After implementing restrictions to slow the spread of COVID-19, Michigan is expanding visitation policies in long-term care facilities, including nursing homes, juvenile detention facilities and hospice centers, but stays vigilant on requiring safety protocols.
“It’s been very difficult for residents of these facilities to be unable to see their loved ones during the pandemic,” Michigan Department of Health and Human Services (MDHHS) Director Robert Gordon said. “We are glad Michigan can now allow visits in some circumstances, but we continue to urge caution and require safety precautions like wearing masks during visits.”
Gordon signed two epidemic orders Tuesday, effective immediately, that provide exceptions to visitor restrictions in limited circumstances as long as the facilities meet specific safety requirements, such as requiring visitors to wear masks, be assessed for COVID-19 symptoms, maintain social distancing and hold outdoor visitations when possible.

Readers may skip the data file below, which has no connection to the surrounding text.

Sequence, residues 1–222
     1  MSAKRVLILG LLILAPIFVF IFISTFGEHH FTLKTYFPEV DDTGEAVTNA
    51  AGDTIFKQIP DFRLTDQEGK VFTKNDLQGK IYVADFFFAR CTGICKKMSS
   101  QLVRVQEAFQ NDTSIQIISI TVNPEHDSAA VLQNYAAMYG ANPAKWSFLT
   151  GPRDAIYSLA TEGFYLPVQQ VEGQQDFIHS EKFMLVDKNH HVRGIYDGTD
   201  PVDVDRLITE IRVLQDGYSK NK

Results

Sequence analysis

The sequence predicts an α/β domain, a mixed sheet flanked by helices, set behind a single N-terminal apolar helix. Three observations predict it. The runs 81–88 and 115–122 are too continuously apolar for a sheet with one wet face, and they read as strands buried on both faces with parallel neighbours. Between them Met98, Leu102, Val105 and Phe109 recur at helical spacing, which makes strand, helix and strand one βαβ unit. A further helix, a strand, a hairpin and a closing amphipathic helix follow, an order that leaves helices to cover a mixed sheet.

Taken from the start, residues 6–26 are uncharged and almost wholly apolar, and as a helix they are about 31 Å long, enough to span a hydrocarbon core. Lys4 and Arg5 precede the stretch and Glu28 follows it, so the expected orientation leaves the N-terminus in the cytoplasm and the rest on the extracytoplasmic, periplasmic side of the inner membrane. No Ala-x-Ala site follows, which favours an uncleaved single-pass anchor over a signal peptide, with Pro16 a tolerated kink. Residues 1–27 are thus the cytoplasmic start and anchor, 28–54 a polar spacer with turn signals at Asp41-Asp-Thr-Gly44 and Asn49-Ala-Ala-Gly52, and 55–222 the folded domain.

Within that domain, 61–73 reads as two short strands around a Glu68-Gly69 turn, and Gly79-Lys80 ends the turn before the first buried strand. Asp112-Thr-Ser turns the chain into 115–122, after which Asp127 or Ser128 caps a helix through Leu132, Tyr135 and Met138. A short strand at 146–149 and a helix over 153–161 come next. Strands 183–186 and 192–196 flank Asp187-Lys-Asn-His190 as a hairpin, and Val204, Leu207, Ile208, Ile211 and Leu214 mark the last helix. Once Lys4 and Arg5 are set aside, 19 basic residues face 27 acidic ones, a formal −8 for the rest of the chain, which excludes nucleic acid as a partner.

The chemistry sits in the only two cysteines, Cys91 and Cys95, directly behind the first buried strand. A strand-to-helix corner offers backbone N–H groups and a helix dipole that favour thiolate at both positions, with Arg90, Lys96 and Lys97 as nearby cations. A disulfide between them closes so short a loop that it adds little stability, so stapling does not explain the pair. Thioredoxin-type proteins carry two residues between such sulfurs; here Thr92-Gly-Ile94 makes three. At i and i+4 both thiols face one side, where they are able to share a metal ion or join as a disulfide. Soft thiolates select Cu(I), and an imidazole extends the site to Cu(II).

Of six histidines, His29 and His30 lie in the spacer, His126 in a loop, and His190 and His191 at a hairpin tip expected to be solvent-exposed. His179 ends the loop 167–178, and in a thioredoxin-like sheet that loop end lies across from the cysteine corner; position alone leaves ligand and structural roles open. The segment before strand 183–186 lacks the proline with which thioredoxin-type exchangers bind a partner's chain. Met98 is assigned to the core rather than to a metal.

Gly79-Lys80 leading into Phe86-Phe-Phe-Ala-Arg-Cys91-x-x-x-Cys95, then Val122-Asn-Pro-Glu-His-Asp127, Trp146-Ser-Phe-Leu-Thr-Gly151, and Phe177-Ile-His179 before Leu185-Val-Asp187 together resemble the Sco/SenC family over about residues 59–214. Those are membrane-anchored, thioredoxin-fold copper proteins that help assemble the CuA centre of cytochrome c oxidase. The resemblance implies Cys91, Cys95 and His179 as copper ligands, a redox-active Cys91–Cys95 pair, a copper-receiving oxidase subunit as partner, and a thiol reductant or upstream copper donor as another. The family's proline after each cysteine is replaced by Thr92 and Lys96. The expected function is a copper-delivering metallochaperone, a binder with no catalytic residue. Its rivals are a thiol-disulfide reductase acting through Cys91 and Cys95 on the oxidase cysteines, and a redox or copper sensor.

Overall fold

One order applies to residential long-term care facilities, including nursing homes, adult foster care facilities, hospice facilities, substance abuse disorder residential facilities, independent living facilities and assisted living facilities, and only allows visits with residents who are in serious or critical condition or are in hospice care.
The order also allows for visitors who assist residents with activities of daily living, such as eating, bathing or dressing.
The second order allows youth residents in child caring institutions, such as foster care facilities, and juvenile detention facilities to have off-campus visits with a parent, foster parent or prospective adoptive parent if they agree to abide by Centers for Disease Control and Prevention safety measures.
Additionally, the parent, foster parent or prospective adoptive parent must not have a known exposure to COVID-19 or have symptoms.